Viridian also offer a product called KiwiZyme which contains a specific enzyme from the kiwi fruit which may be beneficial to reduce transit time and it comes in soothing base of aloe vera.
Mesima Mushroom may also be a useful supplement as this is traditional used to treat anti-inflammatory effects on the GI tract and can help to reduce diarrhoea as a symptom of bacterial infections.
As electrolyte replacement is so important, the Sports Electrolyte Fix by Viridian is electrolyte rich natural water from the salt lakes of the US and is a simple addition to a glass or bottle of water to support electrolyte replacement.Although designed for use in sports, this can also be useful at times of acute diarrhoea.
Last but not least is Molkosan from A Vogel which is rich in prebiotic compounds which may help to soothe and support microbial restoration following acute diarrhoea.
If you are experiencing chronic diarrhoea then it may be worth booking a consultation with our Nutritional Therapy team to provide professional guidance dietary interventions and potential for functional testing. We offer complete Microbiome Analysis which may be useful to ascertain if pathogenic flora are influential in symptoms and also then to look at specific antimicrobials that may be a useful part of the protocol. Gluten sensitivity or food sensitivity testing may also a useful insight to understand whether there are any specific foods that are creating an immune response resulting in the symptoms experienced. However, it should be noted that testing is only recommended where is has potential to alter the protocol. Dietary and lifestyle modifications alone using our knowledge and experience are often enough to address symptoms and provide guidance for optimising long term health.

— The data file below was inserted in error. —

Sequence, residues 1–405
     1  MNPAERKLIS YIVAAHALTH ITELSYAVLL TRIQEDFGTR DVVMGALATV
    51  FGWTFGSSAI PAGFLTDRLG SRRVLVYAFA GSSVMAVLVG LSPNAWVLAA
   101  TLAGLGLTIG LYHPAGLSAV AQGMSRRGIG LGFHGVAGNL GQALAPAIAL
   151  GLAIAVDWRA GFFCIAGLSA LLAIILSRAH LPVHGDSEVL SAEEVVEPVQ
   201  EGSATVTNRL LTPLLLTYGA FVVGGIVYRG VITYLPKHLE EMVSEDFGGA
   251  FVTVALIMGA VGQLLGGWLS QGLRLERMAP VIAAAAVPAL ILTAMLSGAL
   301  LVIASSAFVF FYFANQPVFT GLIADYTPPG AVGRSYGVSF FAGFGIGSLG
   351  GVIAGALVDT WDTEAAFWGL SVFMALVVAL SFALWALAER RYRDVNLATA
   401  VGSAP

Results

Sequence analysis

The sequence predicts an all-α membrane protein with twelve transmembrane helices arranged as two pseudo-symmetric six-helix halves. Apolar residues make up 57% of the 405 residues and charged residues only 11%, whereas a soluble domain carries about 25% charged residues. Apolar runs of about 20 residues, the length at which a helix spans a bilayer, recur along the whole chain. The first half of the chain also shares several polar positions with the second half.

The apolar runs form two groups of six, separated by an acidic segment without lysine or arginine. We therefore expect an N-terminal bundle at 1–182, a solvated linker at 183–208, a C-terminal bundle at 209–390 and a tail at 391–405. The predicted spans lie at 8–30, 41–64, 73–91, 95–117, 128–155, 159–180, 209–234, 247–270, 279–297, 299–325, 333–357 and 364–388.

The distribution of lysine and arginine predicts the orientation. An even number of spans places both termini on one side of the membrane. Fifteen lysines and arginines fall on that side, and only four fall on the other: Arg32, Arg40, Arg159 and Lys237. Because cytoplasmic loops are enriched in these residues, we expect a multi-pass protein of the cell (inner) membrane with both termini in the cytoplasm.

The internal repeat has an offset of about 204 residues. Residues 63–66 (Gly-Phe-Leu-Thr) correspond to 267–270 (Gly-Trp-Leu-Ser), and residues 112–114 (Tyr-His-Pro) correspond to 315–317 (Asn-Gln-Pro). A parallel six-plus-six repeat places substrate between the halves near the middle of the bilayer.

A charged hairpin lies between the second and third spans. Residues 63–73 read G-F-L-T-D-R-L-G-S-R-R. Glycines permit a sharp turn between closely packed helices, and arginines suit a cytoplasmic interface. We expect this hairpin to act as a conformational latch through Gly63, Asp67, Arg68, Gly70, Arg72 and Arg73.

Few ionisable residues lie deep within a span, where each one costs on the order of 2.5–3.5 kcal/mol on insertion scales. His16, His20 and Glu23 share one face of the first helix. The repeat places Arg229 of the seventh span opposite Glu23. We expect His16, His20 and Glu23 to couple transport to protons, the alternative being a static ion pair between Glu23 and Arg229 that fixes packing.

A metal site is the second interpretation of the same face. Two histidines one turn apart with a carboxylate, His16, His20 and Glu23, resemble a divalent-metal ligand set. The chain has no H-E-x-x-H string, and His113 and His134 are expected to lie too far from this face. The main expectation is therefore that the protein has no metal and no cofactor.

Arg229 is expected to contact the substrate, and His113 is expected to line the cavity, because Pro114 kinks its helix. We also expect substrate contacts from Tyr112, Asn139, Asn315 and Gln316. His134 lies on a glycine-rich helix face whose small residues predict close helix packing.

Müllhaupt B. Diarrhoe [Diarrhoea]. Praxis (Bern 1994). 2002 Oct 16;91(42):1749-56. German. doi: 10.1024/0369-83220.127.116.119. PMID: 12426943.
de Truchis P, de Truchis A. Diarrhées aiguës infectieuses [Acute infectious diarrhoea]. Presse Med. 2007 Apr;36(4 Pt 2):695-705. French. doi: 10.1016/j.lpm.2006.11.023. Epub 2007 Feb 27. PMID: 17329074; PMCID: PMC7119187.
Bajor J, Beró T. Hasmenés a gasztroenterológus szemszögébol [Diarrhoea, from the gastroenterologist's point of view]. Orv Hetil. 2009 Aug 30;150(35):1655-61. Hungarian. doi: 10.1556/OH.2009.28709. PMID: 19692310.
Saha L. Irritable bowel syndrome: pathogenesis, diagnosis, treatment, and evidence-based medicine. World J Gastroenterol. 2014 Jun 14;20(22):6759-73. doi: 10.3748/wjg.v20.i22.6759. PMID: 24944467; PMCID: PMC4051916.
Pace F, Pace M, Quartarone G. Probiotics in digestive diseases: focus on Lactobacillus GG. Minerva Gastroenterol Dietol. 2015 Dec;61(4):273-92. PMID: 26657927.
Szajewska H, Kołodziej M. Systematic review with meta-analysis: Saccharomyces boulardii in the prevention of antibiotic-associated diarrhoea. Aliment Pharmacol Ther. 2015 Oct;42(7):793-801. doi: 10.1111/apt.13344. Epub 2015 Jul 27. PMID: 26216624.
Please note that the information contained within this website does not and should not replace medical advice, and is not intended to treat or diagnose. We always recommend you consult with your doctor. Our Nutritional Therapy team is highly trained and we offer one to one Nutritional Therapy Consultations, which are designed to be complementary to any medical treatment from a functional medicine approach, as well as offering a preventative & optimal health focus.